Gregory C. Simon, executive director, White House Cancer Task Force, spoke at the National Comprehensive Cancer Network Policy Summit, held just 2 days before the Cancer Moonshot Summit.
Gregory C. Simon, executive director, White House Cancer Task Force, spoke at the National Comprehensive Cancer Network (NCCN) Policy Summit, held just 2 days before the Cancer Moonshot Summit.
Highlighting the difference in life between 10 years back and today, Simon said, “Every field has advanced except for the way research has been done at the [National Institutes of Health]…hardly anything has changed at the NIH since World War II.”
Simon emphasized that there is really no limit on what we could do, “It’s about what we want to do. Changing culture is the most powerful thing on the planet.” Simon argued that science is not hard, its people who make things hard. The moonshot is organized around promoting collaboration between the government and outside players.
The national cancer advisory board has gathered a blue ribbon panel consisting of 29 experts who will create a report for the board, “which reaches the National Cancer Institute and finally to us,” said Simon. The blue ribbon panel will advise on how to spend the money to achieve the objectives of the cancer moonshot.
“Just like the original moonshot, the Cancer Moonshot is about using technology and the resulting information.”
Simon, a cancer survivor himself, cited how removing data silos and access to information had helped with his treatment. “My leukemia treatment was at [Memorial Sloan Kettering Cancer Center], and subsequent care was at [George Washington University],” he said. There were no zip code or any such restrictions, he added.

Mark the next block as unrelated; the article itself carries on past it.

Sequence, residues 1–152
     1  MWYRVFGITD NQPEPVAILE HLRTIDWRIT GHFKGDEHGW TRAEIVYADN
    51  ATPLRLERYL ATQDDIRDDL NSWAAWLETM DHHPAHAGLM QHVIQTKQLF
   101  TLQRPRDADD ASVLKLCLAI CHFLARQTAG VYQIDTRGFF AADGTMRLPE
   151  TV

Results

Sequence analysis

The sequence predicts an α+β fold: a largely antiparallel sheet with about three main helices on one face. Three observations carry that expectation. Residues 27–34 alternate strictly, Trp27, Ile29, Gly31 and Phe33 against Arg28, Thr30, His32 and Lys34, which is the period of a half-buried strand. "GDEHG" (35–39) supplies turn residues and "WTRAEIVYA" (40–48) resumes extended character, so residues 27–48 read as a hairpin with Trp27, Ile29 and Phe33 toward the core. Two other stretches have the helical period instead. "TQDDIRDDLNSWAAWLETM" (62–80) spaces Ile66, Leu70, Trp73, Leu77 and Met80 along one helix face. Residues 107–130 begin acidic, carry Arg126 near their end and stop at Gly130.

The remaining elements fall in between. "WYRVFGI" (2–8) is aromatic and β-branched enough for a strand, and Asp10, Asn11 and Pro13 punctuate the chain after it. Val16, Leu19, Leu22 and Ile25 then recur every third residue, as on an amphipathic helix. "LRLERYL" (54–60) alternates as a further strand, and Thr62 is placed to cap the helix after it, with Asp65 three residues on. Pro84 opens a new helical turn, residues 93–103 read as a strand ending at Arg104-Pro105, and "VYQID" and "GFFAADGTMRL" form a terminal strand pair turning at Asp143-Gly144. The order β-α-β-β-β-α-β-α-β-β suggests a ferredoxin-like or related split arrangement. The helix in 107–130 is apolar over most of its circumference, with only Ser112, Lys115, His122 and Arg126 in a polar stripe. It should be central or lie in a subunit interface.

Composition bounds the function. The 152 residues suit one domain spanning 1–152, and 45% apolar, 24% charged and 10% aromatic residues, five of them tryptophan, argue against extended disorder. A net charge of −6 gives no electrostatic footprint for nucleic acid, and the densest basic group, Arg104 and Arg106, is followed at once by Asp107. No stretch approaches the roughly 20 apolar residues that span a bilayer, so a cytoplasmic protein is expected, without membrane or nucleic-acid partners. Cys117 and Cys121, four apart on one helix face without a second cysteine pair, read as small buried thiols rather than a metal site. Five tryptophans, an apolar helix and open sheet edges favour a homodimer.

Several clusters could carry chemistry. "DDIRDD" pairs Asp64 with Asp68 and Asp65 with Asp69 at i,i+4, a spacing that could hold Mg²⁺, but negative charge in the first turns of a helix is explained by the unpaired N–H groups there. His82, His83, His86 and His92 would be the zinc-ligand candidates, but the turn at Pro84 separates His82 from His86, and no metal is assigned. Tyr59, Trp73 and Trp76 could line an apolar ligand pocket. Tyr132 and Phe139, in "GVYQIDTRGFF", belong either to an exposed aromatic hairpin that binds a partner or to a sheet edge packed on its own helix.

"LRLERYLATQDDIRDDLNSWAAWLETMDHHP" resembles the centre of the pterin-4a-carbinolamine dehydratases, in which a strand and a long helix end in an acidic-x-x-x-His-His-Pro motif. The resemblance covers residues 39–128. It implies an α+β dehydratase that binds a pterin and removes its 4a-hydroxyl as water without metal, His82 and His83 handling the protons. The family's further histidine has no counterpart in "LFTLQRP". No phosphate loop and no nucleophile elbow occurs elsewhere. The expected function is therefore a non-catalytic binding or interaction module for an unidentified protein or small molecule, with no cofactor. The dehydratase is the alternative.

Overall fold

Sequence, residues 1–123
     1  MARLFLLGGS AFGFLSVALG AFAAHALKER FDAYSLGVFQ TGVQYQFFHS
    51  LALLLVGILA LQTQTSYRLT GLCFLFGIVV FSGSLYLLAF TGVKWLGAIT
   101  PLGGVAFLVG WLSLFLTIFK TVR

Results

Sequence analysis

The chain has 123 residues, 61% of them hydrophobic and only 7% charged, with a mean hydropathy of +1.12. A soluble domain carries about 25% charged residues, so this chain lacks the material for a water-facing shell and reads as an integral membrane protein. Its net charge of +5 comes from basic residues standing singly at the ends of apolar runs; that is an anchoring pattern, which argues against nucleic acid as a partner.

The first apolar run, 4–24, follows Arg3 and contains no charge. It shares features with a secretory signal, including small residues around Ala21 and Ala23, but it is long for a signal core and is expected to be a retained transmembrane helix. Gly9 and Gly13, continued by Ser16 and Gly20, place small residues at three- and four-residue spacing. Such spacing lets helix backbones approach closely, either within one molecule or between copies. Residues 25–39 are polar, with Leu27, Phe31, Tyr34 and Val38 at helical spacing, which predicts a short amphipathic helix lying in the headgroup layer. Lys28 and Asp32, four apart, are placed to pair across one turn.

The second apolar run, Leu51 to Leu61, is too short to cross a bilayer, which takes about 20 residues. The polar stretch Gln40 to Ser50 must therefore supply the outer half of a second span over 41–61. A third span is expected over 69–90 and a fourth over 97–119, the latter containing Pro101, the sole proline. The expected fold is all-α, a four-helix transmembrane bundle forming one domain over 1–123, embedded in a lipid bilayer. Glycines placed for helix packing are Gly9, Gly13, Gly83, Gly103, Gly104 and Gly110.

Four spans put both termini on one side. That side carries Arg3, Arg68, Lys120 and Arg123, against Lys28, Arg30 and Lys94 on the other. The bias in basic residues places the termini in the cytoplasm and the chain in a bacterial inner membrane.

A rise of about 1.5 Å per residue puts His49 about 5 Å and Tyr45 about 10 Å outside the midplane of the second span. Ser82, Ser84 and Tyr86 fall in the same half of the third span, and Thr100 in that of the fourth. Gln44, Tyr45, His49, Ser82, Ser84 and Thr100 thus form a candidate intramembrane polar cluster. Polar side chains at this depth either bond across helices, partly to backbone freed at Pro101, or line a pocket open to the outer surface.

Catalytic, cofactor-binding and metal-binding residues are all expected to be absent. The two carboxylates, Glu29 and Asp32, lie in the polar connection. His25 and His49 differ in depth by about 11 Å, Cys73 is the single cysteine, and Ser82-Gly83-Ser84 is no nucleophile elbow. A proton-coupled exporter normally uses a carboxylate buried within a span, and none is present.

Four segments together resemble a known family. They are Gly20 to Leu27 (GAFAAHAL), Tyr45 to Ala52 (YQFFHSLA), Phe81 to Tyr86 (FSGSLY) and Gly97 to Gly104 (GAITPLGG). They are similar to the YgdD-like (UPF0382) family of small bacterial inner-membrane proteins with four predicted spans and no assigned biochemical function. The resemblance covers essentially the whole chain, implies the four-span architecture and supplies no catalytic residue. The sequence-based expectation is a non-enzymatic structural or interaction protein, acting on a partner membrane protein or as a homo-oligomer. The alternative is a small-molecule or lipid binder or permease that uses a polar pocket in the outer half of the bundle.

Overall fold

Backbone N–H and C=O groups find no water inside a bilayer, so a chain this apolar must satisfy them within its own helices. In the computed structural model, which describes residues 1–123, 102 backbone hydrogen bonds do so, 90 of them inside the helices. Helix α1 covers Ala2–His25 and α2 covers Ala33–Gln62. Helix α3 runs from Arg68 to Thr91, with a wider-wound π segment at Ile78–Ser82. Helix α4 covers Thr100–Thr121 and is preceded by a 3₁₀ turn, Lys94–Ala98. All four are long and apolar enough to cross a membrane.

“We need to know how to get to our data, who can get to it, how they use it, and how do they share it,” Simon said. “Information that I publish should be available instantly —especially if it is government-sponsored—not 2 years later when it might be too late.” Simon believes that both raw and published form of government-sponsored data should be readily accessible to whoever seeks it. “How can a physician find out more about a patient’s disease, not just the research scientist who’s working on the disease? How can the doctor get his hands on this information so he can treat his patient better?” Simon asked.
“We need a blending of disciplines,” Simon said. That’s how ideas that tell us that containing cancer, not necessarily curing it, could evolve. This would require cross-disciplinary collaborations.
Simon also emphasized the importance of patient engagement. “Researchers who do not gain input from patients will stand to lose,” he said. “We need to include patient-reported outcomes, unexpected beneficial events, [adverse events] with researchers,” he said.
“So there is nothing but a role for [health IT] in cancer care,” according to Simon.